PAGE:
The success of games like Bejewelled, Diner Dash, Mafia Wars and Farmville is fantastic; more power to their creators. The fact that we're no longer enslaved to a single, constrained, and corporate-dominated distribution channel is most excellent. The opportunities for innovation - and profit - are enormous.

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But "casual" has nothing to do with it.

Let me suggest an alternative way of viewing what "casual" means. We know that only 0.5 percent percent to 2 percent percent of people who download a casual game convert to becoming a paying customer. We also know that only a 1-3 percent of the people who play social network games ever actually pay money for virtual goods or game money, or sign up for one of the skanky "offers" that are an alternative to paying cash.

In other words, 90+ percent of the people who play these games will play them for free, but only a tiny proportion is willing to pay to improve their experience. This is true not just of games that have freeplay versions, like casual downloadables and social network games; how many people get exposed to advertising for a typical retail game, and what percent of them actually buy it? I'll bet the percentage is similar.

I submit that the best characterization of those willing to pay is "hardcore." That is, no matter how light or intense a game is, only a small proportion of those exposed to it in some fashion will be so gripped by the game, so in love with what it offers, that they are willing actually to pay. They are, by the terms of whatever genre into which the game slots, hardcore. Those who are willing to pay nothing are the casual gamers - they'll kill some time with the game, but they sure won't plunk down hard-earned cash.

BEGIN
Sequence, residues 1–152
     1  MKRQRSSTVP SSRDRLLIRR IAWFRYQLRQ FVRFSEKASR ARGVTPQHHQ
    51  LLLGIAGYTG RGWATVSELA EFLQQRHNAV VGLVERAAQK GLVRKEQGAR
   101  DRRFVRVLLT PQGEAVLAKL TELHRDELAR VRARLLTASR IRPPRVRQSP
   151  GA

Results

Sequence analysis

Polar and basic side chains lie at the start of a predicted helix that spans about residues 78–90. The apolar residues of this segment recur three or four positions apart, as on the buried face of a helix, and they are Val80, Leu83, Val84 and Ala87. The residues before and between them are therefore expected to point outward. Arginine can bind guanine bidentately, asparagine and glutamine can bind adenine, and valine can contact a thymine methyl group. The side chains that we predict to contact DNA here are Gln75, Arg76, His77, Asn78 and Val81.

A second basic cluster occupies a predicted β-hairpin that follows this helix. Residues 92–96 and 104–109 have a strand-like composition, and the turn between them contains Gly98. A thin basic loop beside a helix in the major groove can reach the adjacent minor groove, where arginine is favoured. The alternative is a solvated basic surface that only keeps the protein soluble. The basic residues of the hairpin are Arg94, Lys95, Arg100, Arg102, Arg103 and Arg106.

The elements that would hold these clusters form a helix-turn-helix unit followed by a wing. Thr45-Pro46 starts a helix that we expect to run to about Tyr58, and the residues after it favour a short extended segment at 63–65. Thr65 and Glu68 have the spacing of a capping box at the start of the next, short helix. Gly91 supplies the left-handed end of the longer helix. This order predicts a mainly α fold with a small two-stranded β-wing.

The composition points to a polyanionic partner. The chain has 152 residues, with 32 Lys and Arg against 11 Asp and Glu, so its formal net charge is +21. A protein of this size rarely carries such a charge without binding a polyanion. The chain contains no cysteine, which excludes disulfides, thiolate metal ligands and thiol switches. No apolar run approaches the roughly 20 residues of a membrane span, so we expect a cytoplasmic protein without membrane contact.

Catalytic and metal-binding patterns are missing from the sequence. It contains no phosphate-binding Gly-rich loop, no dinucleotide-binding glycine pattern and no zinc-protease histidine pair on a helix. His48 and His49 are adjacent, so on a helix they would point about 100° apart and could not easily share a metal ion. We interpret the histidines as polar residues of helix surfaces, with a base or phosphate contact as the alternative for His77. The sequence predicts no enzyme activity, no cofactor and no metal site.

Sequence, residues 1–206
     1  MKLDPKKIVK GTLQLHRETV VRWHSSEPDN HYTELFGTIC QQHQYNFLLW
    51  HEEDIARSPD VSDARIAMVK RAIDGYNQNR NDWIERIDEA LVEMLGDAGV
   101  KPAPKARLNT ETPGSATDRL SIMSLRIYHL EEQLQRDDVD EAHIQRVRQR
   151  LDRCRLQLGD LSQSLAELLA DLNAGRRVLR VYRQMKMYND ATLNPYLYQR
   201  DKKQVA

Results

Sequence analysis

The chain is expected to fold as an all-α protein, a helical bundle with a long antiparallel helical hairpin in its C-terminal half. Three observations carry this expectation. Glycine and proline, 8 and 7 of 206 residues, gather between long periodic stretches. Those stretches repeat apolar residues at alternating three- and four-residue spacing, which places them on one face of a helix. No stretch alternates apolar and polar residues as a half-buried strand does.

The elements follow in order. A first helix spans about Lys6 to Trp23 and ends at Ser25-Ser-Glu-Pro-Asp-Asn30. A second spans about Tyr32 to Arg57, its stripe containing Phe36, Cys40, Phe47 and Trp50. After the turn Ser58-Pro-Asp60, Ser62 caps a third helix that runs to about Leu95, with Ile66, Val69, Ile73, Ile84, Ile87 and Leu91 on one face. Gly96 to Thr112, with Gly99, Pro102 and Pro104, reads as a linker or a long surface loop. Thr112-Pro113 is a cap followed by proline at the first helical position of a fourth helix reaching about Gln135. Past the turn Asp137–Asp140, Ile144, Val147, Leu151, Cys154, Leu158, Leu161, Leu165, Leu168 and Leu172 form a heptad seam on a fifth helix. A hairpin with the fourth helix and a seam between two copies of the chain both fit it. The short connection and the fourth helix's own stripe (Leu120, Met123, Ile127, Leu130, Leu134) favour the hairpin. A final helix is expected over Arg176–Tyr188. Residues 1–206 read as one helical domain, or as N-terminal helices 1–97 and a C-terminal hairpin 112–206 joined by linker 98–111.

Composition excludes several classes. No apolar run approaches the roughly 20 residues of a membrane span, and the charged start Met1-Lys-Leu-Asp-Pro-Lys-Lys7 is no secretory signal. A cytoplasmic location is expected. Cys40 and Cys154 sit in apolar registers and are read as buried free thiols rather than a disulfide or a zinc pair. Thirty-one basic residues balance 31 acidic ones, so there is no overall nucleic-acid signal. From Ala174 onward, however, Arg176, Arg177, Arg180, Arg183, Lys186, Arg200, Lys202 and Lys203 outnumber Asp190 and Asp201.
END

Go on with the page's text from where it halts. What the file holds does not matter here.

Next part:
What's happened in the last few years isn't a "casual games revolution" - rather, it's the creation of a new hardcore audience accessible via new distribution channels. And if your goal is to make money with a game, it should be to figure out what the hardest core of the genre in which you work like to play and are willing to pay for.

The hardcore is where the money is; the hardcore is the future. You're just dealing with a different hardcore audience now.

Greg Costikyan has designed more than 30 commercially published games in virtually every form, from tabletop to social network with computer, online, and mobile games in between.

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